(i) Expanding ‘Humanity’ (horizontal expansion): to be truly fit for the future, ethically coherent and aligned with its own humanitarian values, the Movement needs to shift paradigms and further evolve towards a broader, transformative and holistic vision and understanding of the Principle of Humanity, based in the recognition of the essential interconnectedness, interdependence and intrinsic value of all life. This implies extending without discrimination its compassion and efforts to prevent and alleviate animal suffering; to care and ensure respect for the well-being, health, sustainability, diversity and dignity of the Earth in its wholeness and thereby of all its ecosystems and life forms; as well as to promote and inspire conscious, compassionate, peaceful and harmonious living with Nature. Such a shift towards a more inclusive and ecocentric approach is absolutely vital for effectively preventing and alleviating human suffering, for safeguarding human dignity, for achieving holistic peace and sustainability, and perhaps even for humanity to survive ̶ as we are not separate beings. We are inextricably and intrinsically linked with one another and “whatever we do to the web of life, we do to ourselves.” (Chief Si’ahl, 1854);
(ii) Deepening ‘Humanity’ (vertical expansion): for humanity to thrive and reach its full potential, it is essential to further understand and consider the micro-macro interrelatedness, which reveals that the state of the ‘outer world’ is a reflection or projection of our ‘inner world’; both concomitantly transforming and mutually reinforcing one another. Hence, the need to further enhance ‘inner conditions’ and shift into deeper levels of awareness and expanded consciousness, which enable one to realize non-separation and experience oneself as part of and at one with the undivided whole of life. Such transformational insight on ‘inter-beingness’ and non-separability is crucial for unfolding reverence for life and its diversity; expanding compassion and one’s intrinsic, authentic humanity within, compelling one to act spontaneously to alleviate suffering and care for other living beings, human and non-human, and the Earth as a whole, as one would do for oneself. Whether humanity is willing to cultivate this deep, critical consciousness may greatly determine the future of the planet and the realization of inner and outer unity and peace.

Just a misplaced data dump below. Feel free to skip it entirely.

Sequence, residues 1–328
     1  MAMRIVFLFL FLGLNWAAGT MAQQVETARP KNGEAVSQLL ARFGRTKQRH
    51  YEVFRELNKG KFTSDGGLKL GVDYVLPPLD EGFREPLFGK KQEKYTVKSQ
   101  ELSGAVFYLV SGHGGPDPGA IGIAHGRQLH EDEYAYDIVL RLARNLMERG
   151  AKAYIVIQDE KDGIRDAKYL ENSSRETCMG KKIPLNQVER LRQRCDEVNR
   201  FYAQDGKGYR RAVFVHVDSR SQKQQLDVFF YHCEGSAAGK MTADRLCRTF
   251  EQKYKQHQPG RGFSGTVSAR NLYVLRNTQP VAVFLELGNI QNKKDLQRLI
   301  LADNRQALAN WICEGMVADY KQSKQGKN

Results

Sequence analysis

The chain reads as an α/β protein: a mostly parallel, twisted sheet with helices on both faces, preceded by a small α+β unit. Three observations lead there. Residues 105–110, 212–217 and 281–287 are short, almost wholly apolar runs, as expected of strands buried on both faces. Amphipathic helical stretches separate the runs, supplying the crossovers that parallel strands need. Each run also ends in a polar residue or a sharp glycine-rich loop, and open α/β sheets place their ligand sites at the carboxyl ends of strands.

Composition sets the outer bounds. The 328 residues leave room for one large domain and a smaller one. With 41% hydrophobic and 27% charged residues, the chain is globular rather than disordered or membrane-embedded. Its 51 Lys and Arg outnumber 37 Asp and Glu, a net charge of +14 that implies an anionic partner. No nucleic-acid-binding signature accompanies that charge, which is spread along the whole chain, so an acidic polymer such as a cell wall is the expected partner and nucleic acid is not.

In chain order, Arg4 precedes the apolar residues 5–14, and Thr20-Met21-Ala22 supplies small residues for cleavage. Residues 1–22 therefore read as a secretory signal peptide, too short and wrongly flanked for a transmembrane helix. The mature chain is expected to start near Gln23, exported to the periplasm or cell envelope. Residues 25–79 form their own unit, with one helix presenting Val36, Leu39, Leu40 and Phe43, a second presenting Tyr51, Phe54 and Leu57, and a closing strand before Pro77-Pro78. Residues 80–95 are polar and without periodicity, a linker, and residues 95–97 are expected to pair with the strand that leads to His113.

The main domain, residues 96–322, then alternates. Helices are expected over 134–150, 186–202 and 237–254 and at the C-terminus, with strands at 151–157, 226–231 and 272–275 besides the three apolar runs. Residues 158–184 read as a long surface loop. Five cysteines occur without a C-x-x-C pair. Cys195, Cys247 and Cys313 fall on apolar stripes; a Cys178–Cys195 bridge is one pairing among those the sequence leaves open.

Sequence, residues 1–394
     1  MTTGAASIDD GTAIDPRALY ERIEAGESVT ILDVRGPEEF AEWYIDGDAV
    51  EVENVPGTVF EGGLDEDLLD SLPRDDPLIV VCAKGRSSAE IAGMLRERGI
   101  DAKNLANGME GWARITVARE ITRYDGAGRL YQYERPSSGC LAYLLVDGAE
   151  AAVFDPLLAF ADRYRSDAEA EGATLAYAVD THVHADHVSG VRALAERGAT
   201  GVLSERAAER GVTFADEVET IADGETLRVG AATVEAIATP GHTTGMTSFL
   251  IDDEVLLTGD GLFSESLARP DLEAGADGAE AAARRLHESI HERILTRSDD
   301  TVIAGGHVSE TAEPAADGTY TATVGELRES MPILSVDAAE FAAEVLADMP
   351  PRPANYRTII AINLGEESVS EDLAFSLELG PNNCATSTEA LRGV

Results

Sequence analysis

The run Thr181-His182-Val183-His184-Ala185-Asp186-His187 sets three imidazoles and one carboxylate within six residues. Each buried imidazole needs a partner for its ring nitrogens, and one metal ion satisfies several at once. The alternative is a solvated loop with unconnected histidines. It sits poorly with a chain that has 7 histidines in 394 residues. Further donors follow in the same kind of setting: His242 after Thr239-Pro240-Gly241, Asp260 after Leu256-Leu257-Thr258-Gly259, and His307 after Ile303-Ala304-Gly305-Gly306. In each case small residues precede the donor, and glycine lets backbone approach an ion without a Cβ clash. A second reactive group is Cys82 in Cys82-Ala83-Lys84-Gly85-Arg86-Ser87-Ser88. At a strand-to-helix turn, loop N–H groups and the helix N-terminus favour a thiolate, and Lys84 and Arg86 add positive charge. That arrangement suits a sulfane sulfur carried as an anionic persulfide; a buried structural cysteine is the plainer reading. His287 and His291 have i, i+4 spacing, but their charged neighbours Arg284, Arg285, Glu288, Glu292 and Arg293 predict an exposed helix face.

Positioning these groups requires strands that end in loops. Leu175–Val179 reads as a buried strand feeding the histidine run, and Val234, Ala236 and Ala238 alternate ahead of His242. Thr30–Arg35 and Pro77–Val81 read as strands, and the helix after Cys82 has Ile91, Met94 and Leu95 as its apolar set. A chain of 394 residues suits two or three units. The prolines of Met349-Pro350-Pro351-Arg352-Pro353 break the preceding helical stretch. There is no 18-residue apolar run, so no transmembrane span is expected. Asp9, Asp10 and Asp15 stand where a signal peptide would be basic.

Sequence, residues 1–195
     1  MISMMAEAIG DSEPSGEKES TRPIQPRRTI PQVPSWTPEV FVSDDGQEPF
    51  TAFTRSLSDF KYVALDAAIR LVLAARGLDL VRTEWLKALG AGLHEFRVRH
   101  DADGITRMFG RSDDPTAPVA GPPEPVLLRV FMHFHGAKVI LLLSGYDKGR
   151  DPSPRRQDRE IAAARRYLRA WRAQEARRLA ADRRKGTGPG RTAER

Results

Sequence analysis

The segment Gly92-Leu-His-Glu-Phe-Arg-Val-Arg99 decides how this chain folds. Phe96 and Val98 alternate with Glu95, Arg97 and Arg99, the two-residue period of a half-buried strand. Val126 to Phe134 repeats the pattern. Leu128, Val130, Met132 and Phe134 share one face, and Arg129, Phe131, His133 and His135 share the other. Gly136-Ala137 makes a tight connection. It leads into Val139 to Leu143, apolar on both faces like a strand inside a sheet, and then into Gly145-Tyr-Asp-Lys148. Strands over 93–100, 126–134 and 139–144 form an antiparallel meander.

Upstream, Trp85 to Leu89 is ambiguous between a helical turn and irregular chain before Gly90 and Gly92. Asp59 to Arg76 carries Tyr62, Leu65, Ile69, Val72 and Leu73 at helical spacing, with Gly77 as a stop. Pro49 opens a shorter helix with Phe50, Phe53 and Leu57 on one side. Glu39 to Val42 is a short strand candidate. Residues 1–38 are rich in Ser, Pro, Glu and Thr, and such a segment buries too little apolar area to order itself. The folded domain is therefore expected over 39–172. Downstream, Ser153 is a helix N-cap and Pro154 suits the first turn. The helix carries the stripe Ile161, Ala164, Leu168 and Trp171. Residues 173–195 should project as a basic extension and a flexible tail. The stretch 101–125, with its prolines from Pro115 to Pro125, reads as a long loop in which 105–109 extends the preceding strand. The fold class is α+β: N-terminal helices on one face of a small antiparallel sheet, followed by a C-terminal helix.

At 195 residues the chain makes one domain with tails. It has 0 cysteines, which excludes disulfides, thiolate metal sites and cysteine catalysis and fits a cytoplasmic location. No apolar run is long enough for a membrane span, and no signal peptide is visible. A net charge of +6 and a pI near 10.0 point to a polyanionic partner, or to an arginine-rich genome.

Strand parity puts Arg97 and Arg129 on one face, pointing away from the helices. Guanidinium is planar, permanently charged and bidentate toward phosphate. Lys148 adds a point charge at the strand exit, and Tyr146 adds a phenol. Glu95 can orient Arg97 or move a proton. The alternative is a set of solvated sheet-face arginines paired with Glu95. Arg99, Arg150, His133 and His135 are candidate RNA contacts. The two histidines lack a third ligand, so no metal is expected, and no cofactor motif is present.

Finally, this work may open the path to further discussions and collective questioning, and as such, potentially lead to broaden the Movement’s mission and mandates. It also calls upon the wider humanitarian and development community, if not the whole of humanity, to further integrate holistic approaches, to be responsive to and advance concerns for the well-being of the Earth, its animals, living beings and ecosystems ̶ especially through leading by example and leveraging the transformative and preventive powers of education. This is part of our collective moral responsibility towards ‘life’ in its wholeness and towards humanity itself, and part of being human and humane.